Peace Child: An Unforgettable Story of Primitive Jungle Treachery in the 20th Century

We would like to welcome Corky Fincher as our newest author to the blog.  Read below as he recommends the book Peace Child: An Unforgettable Story of Primitive Jungle Treachery in the 20th Century by Don Richardson.

In 1955 at Prairie Bible Institute, Mr. Ebenezer G. Vine challenged a group of students to look within their heart to see if God was leading them to go into foreign missions, primarily, Netherlands New Guinea. Seated in that audience that day was a young man by the name of Don Richardson, as a believer of only three years, Don felt the Lords call to service.  He would go, though at the time he didn’t know where!

A few years later, in 1962, he and his wife Carol set out with the help of Regions Beyond Missionary Union, later renamed World Team to Irian Jaya. Once there, Don quickly set out in search of new people groups who lived amongst the deep jungle and seemingly endless swamps of southwest Irian Jaya who had never heard the good news of the gospel.

His attention quickly turned to the Sawi speaking tribes; they lived next to the Kronkel River. Being highly feared by the outside world because of their practice of being head hunters and cannibals, outside contact with them had been very limited.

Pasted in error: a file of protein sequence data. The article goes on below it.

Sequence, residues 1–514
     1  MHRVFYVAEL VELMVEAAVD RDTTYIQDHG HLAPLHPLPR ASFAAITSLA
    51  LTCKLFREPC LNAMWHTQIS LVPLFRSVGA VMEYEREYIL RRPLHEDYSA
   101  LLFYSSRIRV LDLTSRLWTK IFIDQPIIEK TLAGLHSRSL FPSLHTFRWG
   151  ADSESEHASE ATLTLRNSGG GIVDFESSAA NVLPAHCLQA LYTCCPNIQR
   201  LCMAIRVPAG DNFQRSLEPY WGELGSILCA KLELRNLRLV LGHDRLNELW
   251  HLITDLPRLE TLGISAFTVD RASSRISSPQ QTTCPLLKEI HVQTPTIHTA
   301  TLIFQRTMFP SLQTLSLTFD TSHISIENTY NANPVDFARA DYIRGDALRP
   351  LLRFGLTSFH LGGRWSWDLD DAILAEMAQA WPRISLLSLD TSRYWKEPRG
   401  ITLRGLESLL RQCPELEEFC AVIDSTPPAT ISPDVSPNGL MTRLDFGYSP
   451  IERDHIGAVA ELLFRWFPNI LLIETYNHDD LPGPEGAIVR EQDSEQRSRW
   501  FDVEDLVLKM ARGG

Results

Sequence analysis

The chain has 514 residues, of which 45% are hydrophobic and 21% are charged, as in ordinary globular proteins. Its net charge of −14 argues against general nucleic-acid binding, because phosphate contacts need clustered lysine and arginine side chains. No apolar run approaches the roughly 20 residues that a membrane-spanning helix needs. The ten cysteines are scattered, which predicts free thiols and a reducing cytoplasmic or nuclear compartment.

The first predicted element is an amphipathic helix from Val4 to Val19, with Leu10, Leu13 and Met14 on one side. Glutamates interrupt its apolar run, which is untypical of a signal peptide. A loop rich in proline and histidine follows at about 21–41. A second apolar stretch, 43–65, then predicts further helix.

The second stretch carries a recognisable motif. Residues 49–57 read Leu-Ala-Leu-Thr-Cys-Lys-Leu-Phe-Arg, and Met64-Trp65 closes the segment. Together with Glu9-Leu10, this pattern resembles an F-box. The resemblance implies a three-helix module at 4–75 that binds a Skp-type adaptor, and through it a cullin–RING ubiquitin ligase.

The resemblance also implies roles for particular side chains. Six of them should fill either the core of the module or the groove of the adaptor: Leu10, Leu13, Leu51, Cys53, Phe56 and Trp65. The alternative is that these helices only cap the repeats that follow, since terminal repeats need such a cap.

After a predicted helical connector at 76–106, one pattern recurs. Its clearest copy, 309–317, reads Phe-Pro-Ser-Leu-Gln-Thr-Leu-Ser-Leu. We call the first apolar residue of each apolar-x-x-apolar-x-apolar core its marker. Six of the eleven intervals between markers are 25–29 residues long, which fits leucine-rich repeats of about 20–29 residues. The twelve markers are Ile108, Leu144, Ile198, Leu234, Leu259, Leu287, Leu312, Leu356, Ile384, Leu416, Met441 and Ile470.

Don wanted to live amongst this tribe as a witness for Christ. This work meant establishing a written alphabet for their language. Their language was one of oral traditions, passed down from man to man over the span of human memory.

There was a long tradition of offering a male child from each warring tribe as a peace offering. As long as the child lived, so the peace treaty held, should the child die, the treaty was null and void. So all participants took great care of the child they had been entrusted with.

Now Don had found a way to communicate the love of God to these people by using the familiar to communicate the unfamiliar. Myao Kodon “the greatest Spirit” was now being introduced to this people for the first time, using their own Language.  Through this and other examples taken from their language, the Richardson’s where finally able to start seeing the results of countless hours of work.

I find this book interesting on two fronts. One, we need to reach out to those around us, missions starts at home, not in some distant land. Two, as we understand the culture that we live in, we as believers need to look for ways to present our message without compromising that message.


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